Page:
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Thursday 19th Oct 2017

It is so easy to fall in love with prospects, and even more so when those prospects produce numbers that validate our devotion.

Sometimes, however, the stats don't tell everything.

Seven innings. Three hits. One run. Two walks. Three whiffs. A win.

Now, those stats look great, and that was indeed the pitching line that Jake Arrieta produced yesterday, making a lot of owners and his Baltimore management happy.

But, I was there, and I scored the game, pitch-by-pitch, and I can tell you that while Arrieta did not pitch poorly, he did not pitch nearly as well as the stat line indicates.

At least five balls where hit very hard. They were hit right at defenders, who made great plays and thus kept threats from initiating.

And, you can indeed say, "that is baseball," because it is. The defense can pick up a pitcher, just like a pitcher can pick up the offense, or the offense pick up the team.

But, Arrieta never got into any kind of rhythm or groove, and that is one thing that stands out game-to-game when you score, as the person scoring tends to fall into the slip stream of that ryhthm.

Mind you, it was not just me who got that sense. My back-up friend, Hank Widmar noticed the same thing, as did the OS and the fellow who scores for STATS, Inc.

Now, I am not knocking Arrieta, or suggesting he does not have a bright future, but, I am warning that if you pick him up, or activated him from your ulta reserves because you think he has arrived, that might be premature.

I think he has some major knocks ahead of him, for better or worse, so being patient might be a better long term path if Arrieta is on your roster and you can afford to hide him.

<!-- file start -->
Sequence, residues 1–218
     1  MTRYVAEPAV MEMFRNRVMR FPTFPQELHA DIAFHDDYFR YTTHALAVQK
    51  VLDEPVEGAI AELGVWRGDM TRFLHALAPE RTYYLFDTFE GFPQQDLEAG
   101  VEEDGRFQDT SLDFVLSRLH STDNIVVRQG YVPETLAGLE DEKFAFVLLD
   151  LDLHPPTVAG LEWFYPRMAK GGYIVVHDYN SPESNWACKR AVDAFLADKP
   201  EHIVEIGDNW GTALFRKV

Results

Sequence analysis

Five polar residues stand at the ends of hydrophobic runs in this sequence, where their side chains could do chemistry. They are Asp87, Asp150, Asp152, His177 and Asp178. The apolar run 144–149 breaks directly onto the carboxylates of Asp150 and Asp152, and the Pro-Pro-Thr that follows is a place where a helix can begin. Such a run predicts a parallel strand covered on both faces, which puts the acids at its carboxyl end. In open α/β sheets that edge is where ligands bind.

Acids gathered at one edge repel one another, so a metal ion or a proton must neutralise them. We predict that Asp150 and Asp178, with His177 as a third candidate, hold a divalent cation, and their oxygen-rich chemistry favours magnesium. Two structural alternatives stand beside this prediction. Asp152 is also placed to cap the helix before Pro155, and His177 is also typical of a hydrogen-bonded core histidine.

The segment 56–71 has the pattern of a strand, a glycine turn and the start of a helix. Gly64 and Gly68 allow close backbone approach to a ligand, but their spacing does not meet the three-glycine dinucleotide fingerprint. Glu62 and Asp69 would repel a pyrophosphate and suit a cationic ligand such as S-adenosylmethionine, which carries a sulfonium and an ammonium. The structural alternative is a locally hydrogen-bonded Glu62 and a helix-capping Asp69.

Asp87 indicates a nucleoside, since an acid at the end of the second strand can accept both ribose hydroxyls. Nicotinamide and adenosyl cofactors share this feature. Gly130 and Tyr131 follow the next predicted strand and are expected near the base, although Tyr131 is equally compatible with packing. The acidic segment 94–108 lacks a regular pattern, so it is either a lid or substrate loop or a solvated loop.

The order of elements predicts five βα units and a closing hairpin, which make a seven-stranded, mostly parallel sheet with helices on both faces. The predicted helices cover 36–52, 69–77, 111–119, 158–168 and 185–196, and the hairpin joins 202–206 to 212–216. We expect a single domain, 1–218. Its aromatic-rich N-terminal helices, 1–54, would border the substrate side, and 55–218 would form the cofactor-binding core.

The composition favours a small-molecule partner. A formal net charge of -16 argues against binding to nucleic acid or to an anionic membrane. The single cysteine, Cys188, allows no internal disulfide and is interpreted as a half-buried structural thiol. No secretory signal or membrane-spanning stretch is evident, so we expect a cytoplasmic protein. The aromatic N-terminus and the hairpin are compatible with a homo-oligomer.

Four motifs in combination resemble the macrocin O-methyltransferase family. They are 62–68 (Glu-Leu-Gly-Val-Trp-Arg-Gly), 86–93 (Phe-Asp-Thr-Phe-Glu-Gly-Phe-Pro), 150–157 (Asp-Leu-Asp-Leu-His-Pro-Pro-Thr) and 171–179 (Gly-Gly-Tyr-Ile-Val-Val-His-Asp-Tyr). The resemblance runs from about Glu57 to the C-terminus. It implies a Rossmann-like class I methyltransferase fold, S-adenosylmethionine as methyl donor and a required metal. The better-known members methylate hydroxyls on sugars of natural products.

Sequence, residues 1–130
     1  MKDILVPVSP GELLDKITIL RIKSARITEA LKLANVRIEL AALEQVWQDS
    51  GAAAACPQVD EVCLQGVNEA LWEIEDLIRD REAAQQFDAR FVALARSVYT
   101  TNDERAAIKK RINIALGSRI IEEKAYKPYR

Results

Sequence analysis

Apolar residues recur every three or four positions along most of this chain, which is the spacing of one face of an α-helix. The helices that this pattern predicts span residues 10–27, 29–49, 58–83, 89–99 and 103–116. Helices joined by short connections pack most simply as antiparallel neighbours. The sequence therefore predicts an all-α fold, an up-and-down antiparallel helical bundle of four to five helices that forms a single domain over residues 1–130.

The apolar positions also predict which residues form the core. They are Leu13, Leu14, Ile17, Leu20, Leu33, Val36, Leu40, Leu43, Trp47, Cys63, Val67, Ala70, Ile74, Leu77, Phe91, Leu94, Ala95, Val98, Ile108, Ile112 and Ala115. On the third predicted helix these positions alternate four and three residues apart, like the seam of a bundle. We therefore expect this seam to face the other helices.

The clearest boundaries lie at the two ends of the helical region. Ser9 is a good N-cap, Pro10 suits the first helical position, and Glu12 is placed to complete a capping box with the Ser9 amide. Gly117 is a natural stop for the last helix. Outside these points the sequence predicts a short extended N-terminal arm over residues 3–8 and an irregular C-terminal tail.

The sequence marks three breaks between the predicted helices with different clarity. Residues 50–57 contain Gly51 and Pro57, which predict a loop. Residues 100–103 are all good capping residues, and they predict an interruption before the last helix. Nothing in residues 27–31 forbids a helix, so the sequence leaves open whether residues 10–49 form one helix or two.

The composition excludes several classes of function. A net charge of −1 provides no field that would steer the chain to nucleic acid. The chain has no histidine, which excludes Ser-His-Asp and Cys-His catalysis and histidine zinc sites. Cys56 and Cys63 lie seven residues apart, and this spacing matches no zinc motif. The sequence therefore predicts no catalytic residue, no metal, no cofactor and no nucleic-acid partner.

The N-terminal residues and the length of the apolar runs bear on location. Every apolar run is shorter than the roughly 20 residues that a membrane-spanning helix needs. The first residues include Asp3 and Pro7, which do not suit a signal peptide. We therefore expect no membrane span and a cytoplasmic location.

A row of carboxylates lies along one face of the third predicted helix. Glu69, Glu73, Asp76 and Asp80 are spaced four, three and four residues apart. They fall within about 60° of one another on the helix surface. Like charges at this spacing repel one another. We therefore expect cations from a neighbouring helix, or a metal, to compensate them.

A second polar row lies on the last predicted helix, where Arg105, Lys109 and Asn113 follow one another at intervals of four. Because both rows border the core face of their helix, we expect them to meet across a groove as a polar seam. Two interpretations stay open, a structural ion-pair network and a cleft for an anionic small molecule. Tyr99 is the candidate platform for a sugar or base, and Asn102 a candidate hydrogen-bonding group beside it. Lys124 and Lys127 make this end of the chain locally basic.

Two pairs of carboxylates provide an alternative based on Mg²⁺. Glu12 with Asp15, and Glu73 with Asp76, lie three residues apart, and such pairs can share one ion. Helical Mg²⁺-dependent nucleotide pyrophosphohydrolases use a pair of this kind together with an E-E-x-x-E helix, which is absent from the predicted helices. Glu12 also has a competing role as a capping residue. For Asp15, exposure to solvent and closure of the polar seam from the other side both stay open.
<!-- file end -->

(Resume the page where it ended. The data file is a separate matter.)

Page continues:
0 #2 Lawr Michaels 2010-06-18 15:08
good question perry.

one thing i am guessing we have all noticed is that often newbies to the show do well because there is no book on the player.

i think that often suggests not just why pitchers do well their first starts, but why they suddenly hit the wall (or eventually the sophomore jinx).

so, i do think if there is a window to take advantage of a guy like arrieta, that would be the time.

and, well, interleague play i think puts more of the advantage to the pitcher, because no book and a different league.

arreita did take care of the giants without being dominant, for example. but, like i said, he was hit hard for a three hitter, and the first hit he allowed was a monster shot to sandoval, maybe 450 feet to straight away center.

he was dodging bullets, but, much of that could be because SF had no book.
0 #1 Perry Van Hook 2010-06-17 16:18
Well interesting points Zenmaster because I have Arrieta "on the farm" in two separate leagues, and have been wrestling with activating him since :winkwink: before his call up (okay lol two days before his callup)

The first league is a twelve team AL three year keeper league. We are not in contention so theoretically would be better served by keeping him in the minors for the entire year....unless we thought we might have a shot at a late run for 2nd place and thus $. That premature activation would also get us an minor league pick next year which currently we would not have.

The second league is more and less interesting. I will have to activate or reserve him if he stays up for thirty days and there is no reason to think he won't. But it will squeeze me for a roster spot so the question is really when and then I can play/reserve him on a week to week basis. I think his two start week next league with Interleague opponents is playable. What say you?

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